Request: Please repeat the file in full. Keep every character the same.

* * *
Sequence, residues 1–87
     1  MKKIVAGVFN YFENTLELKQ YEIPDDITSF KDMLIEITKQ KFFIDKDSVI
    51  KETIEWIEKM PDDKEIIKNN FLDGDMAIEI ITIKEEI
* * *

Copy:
Sequence, residues 1–87
     1  MKKIVAGVFN YFENTLELKQ YEIPDDITSF KDMLIEITKQ KFFIDKDSVI
    51  KETIEWIEKM PDDKEIIKNN FLDGDMAIEI ITIKEEI